Bret Baier, Fox News Channel’s chief political anchor, claimed on November 2 that Hillary Clinton was being indicted on her foundation activities. It was blatantly incorrect and false. Baier claimed that based on two unnamed sources (rumors are they are websites), FBI investigations relating to Hillary Clinton will “continue to likely an indictment.”
A day later Baier groveled by walking back the story but never admitted he was wrong.
Everyone knows someone like this – one who can never admit wrongdoing. It annoys the hell out of me, but you can’t change everyone. So I set out to understand these types of peeps.
According to Guy Winch Ph.D. that for non-apologists, saying “I’m sorry” carries psychological ramifications that run far deeper than the words themselves imply; it elicits fundamental fears they desperately want to avoid.
Here is Dr. Winch’s reasoning:
- Admissions of wrongdoing are incredibly threatening for non-apologists because they have trouble separating their actions from their character. If they did something bad, they must be bad people; if they were neglectful, they must be fundamentally selfish and uncaring; if they were wrong, they must be ignorant or stupid, etc. Therefore, apologies represent a major threat to their basic sense of identity and self-esteem.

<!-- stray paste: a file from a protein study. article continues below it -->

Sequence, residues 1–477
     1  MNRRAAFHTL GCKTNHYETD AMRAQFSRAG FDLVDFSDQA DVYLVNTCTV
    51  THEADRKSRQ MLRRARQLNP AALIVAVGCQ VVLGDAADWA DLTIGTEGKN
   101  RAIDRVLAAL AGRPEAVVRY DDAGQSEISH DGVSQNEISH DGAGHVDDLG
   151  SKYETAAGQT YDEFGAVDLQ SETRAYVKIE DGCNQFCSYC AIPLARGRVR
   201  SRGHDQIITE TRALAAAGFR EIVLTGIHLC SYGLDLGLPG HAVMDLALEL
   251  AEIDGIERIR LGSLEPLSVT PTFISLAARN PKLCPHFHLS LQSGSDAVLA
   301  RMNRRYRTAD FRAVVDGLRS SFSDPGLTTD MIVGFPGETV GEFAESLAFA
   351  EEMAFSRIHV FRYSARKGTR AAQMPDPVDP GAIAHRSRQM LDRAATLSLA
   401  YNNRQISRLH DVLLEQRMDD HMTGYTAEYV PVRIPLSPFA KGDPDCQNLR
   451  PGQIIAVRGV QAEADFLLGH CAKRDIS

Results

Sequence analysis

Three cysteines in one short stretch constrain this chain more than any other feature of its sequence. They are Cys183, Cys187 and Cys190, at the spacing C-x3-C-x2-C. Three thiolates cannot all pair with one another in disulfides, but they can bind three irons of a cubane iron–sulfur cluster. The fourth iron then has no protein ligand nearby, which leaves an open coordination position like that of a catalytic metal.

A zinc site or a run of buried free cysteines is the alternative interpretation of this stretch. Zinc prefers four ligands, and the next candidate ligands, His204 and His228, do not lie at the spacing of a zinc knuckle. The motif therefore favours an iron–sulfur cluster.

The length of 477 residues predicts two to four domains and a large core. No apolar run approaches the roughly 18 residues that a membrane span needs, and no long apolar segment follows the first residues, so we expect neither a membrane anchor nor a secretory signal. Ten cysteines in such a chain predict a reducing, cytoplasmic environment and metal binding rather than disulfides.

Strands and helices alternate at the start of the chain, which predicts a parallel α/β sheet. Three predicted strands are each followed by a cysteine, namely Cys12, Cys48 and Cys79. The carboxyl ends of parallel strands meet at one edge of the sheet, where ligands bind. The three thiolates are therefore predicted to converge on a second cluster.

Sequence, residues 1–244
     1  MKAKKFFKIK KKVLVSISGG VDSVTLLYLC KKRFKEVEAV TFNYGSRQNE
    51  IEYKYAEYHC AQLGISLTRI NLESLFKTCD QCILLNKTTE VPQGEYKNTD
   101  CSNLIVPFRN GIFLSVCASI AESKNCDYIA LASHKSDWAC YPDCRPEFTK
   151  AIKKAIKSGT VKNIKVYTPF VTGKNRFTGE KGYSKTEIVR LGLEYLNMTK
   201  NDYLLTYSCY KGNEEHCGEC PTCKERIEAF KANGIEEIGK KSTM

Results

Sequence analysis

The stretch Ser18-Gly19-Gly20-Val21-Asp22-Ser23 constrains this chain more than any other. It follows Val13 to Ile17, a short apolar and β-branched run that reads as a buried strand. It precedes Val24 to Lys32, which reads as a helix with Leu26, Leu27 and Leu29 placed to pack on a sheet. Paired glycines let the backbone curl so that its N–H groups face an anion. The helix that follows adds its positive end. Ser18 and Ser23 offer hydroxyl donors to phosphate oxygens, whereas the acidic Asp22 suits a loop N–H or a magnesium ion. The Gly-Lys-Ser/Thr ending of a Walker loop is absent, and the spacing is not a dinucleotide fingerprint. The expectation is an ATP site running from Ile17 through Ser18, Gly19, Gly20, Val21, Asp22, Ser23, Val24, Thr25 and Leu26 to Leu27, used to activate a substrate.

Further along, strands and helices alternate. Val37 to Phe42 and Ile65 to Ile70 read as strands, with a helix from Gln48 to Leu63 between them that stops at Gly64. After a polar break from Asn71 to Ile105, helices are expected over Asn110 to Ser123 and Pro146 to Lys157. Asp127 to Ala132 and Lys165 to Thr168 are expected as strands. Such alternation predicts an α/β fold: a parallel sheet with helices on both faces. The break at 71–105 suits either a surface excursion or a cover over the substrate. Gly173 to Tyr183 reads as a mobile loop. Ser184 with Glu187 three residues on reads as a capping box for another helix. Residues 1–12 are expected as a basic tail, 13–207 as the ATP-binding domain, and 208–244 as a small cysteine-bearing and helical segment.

- Apologizing might open the door to guilt for most of us, but for non-apologists, it can instead open the door to shame. While guilt makes us feel bad about our actions, shame makes non-apologists feel bad about their selves—who they are—which is what makes shame a far more toxic emotion than guilt.
- While most of us consider apologies as opportunities to resolve interpersonal conflict, non-apologists fear their apology will only create further accusations and conflict. Once they admit to one wrongdoing, surely the other person will pounce on the opportunity to pile on all the previous offenses for which they refused to apologize as well.
- Non-apologists fear that by apologizing, they assume full responsibility and relieve the other party of any culpability. If arguing with a spouse, for example, they might fear an apology would exempt the spouse from taking any blame for a disagreement, despite the fact that each member of a couple has at least some responsibility in most arguments.
- By refusing to apologize, non-apologists are trying to manage their emotions. They fear that lowering their guard even slightly will make their psychological defenses crumble and lead to sadness and despair that will pour out of them, leaving them powerless to stop it.
Read more on Dr. Winch’s article here.